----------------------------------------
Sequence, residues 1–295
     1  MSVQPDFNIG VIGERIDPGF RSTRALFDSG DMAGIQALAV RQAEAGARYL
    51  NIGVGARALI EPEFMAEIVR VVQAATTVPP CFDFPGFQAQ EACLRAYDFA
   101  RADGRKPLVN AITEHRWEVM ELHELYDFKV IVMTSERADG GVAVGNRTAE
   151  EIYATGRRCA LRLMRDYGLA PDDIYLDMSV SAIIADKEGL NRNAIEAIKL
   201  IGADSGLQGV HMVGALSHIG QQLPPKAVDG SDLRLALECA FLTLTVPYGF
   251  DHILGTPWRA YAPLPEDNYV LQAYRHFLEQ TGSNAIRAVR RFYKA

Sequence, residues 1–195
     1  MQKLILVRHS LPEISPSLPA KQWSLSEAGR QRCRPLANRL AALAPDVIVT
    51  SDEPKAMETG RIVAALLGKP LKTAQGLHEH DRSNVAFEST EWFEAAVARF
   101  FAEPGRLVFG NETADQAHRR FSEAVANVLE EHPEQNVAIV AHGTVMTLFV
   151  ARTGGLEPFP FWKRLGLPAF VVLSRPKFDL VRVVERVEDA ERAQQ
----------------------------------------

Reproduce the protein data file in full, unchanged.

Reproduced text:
Sequence, residues 1–295
     1  MSVQPDFNIG VIGERIDPGF RSTRALFDSG DMAGIQALAV RQAEAGARYL
    51  NIGVGARALI EPEFMAEIVR VVQAATTVPP CFDFPGFQAQ EACLRAYDFA
   101  RADGRKPLVN AITEHRWEVM ELHELYDFKV IVMTSERADG GVAVGNRTAE
   151  EIYATGRRCA LRLMRDYGLA PDDIYLDMSV SAIIADKEGL NRNAIEAIKL
   201  IGADSGLQGV HMVGALSHIG QQLPPKAVDG SDLRLALECA FLTLTVPYGF
   251  DHILGTPWRA YAPLPEDNYV LQAYRHFLEQ TGSNAIRAVR RFYKA

Sequence, residues 1–195
     1  MQKLILVRHS LPEISPSLPA KQWSLSEAGR QRCRPLANRL AALAPDVIVT
    51  SDEPKAMETG RIVAALLGKP LKTAQGLHEH DRSNVAFEST EWFEAAVARF
   101  FAEPGRLVFG NETADQAHRR FSEAVANVLE EHPEQNVAIV AHGTVMTLFV
   151  ARTGGLEPFP FWKRLGLPAF VVLSRPKFDL VRVVERVEDA ERAQQ